But prison is usually not meant to last forever. More than 95 percent of federal prisoners will be released after serving their sentences. Altogether, 700,000 federal and state prisoners are released every year, along with millions more who stream through local jails.

Most return to their communities, trying to put their lives back together and avoid the pitfalls that got them in trouble. Bearing the stain of their convictions, they compete for jobs, look for housing and seek educational opportunities.

A staggering number don’t succeed. Nationally, two-thirds of people released from state prisons are arrested again; half of those will end up back inside. Forty percent of federal prisoners return to jail in the first three years.

This level of recidivism is unacceptable. Offenders, their families and their communities are devastated by it. Public safety suffers for it. And with more than $74 billion spent annually on federal, state and local corrections, we can’t afford it.

Prison alone isn’t enough. Any smart law enforcement model prevents crime by supporting ex-offenders. That is why my U.S. Attorney’s Office — along with federal judges, the federal public defender, and the U.S. Probation Office — began the “ReNew” program, a federal re-entry court in Newark. Those leaving federal prison at serious risk of reoffending are invited to participate.

They are closely supervised, meeting biweekly with federal Magistrate Judge Madeline Cox Arleo, our office, and the federal defenders, and more regularly with probation officers. And they are supported in obtaining housing, jobs, education, counseling and legal assistance. My office provides services to the team and participants and supervises research into the program’s efficacy.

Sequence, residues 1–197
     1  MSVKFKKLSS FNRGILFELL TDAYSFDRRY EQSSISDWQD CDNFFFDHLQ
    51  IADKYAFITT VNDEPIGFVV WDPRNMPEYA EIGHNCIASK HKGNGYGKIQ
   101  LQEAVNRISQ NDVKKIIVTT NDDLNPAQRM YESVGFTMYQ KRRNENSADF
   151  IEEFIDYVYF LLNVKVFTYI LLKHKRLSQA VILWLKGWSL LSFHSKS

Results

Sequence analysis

This week, the judge will preside over the first graduation ceremony for those who have successfully completed 52 weeks in the program. It is a hugely inspiring milestone for everyone involved, but especially for the graduates reimagining their lives despite great adversity….

Recently, my office launched the New Jersey Re-entry Council, a partnership with acting New Jersey Attorney General John Hoffman, other federal and state agencies, and NGO community members to share resources and ideas.

But there is one more partner we need: you. Finding a job after release is the most important key to success. In a recovering economy, securing a job after prison can be especially difficult. If you have a company that can train or hire our participants, or if you have access to housing, we need to hear from you….

One of every 100 adults in the United States is behind bars. Most will come home. They will have paid their debt and need a chance to support themselves, their families and their communities. We can look at ex-offenders returning to our communities as a risk, or we can help give them that chance. The potential rewards for their lives, for the economy and for our safety are incalculable.

  1. The Sentencing Commission is using a phased and delayed approach to actually releasing inmates early from federal prison []

Hilarity in a Federal Probation Revocation Hearing